Heather Sparks will do whatever it takes to keep her students focused on learning.
The Taft Middle School math teacher often tutors struggling teens after school and then drives them home because there's no one to pick them up.
Sparks and others throughout the Oklahoma City school district fight a daily battle to keep students engaged, and spend much of their time — inside the classroom and out — tending to the needs of those burdened by poverty.
Last year, Sparks bought new uniforms, socks and underwear for two boys being ridiculed by classmates for smelling bad.
“The clothes were just so old. The soles were not in the shoes. The pants were three inches too short,” she said. “I knew that that family was doing the best they could so I did what I could to help with that.”
Nearly 90 percent of students at Taft and throughout the district qualify for free and reduced-price meals, according to a report released last month by the state Education Department. Most live in low-income neighborhoods where money and adult supervision are in short supply, and parents work more than one job to make ends meet.
“Their priority is to make sure there's a roof over their head, there's food and there's clothes,” said Taft Principal Charmaine Johnson. “Checking in on homework is secondary.”
Johnson and Sparks said students show up to school without jackets or adequate clothing in bitterly cold weather. Most district students walk or take the bus to school, prompting officials to revise the district's inclement weather policy to include frigid temperatures when deciding whether to close school.
Sparks and her colleagues at Taft — where 80 percent of seventh- and eighth-grade students read below grade level — work to help students overcome outside pressures that interfere with their ability to learn.
“You have children that are in a crisis state almost all the time because of the poverty situation and situations at home,” said Amber Dubuc, a seventh-grade counselor who runs the school's food bank. “It is not uncommon for a student to lack food, medical care, supervision and support at home, which makes it difficult to come here and make good grades and test scores.”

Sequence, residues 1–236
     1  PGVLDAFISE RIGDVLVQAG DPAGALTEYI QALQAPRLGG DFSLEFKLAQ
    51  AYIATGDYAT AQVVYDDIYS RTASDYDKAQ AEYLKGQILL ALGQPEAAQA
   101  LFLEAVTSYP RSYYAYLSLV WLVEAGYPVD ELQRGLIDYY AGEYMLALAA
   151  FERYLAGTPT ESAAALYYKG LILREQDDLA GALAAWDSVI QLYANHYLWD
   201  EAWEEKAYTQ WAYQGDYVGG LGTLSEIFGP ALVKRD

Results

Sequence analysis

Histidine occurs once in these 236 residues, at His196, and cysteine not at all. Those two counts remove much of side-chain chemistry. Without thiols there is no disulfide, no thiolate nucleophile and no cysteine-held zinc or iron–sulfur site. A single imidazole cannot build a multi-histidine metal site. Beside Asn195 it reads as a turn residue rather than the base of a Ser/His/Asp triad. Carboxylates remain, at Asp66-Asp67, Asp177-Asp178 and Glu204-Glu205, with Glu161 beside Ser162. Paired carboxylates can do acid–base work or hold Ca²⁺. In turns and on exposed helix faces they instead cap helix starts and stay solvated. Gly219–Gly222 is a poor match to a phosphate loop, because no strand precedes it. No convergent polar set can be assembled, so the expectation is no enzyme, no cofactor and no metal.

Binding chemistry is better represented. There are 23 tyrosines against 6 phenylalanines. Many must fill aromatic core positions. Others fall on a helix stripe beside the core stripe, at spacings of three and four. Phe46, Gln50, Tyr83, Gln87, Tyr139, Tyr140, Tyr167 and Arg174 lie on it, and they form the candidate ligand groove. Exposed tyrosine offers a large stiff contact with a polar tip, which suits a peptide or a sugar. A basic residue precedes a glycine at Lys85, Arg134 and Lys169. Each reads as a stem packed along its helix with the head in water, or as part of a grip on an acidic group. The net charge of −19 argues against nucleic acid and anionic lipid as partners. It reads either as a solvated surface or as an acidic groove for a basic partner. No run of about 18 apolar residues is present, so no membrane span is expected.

Some students whose parents can't pay their rent or were evicted change schools several times a year. Sparks said the high mobility rate is detrimental to a child's academic success.
“The parents don't realize that every time they have to move their child to a new school their child digresses significantly,” she said. “If you move four times in one year your child has lost track of two full years of academic growth, plus the year they're in.”
Homelessness compounds the problem for about 2,000 students in the district. Most stay with family and friends while others live in shelters and motels, said Kathy Brown, homeless education director for Oklahoma City Public Schools.
“We try to make sure that all the barriers are removed so they can access their education,” Brown said. “We do everything we can to make sure they are fed, clothed and transported and have school supplies.”
District parents often have to decide whether to buy pencils and notebooks or keep the lights on, said Lori Dickinson, president of the Foundation for Oklahoma City Public Schools.
The foundation distributes hundreds of thousands of dollars annually in school supplies and underwrites the cost of arts and academic competitions for district students.
“If the kids don't have the basics to do their work, that impacts a teacher's ability to accomplish that high achievement in the classroom,” Dickinson said.
The district also partners with churches and other organizations that provide a variety of services, including medical care, food and clothing.
Taft and other district schools provide students with backpacks filled with food to take home on the weekends. Hungry students, however, can't always wait.
Shea Stark, a Taft coach and teacher, keeps a box of granola bars in his desk just in case. He recently shuttled a student from school to a shelter so he could play football, often stopping to buy him dinner.
“We're going to have kids that are hungry every single day,” he said. “Kids cannot be hungry in class and focus. It just doesn't happen.”
Dubuc, a former elementary school principal, is in her first year as an academic counselor at Taft. She spends much of her time listening to students share their fears and worries.
“As much as I want to support academics, and I do that, it's more important to me to help them out in dealing day to day and being OK knowing that going to go home to a certain situation,” she said. “I want to offer real advice that they can use to get past the crisis and be productive.”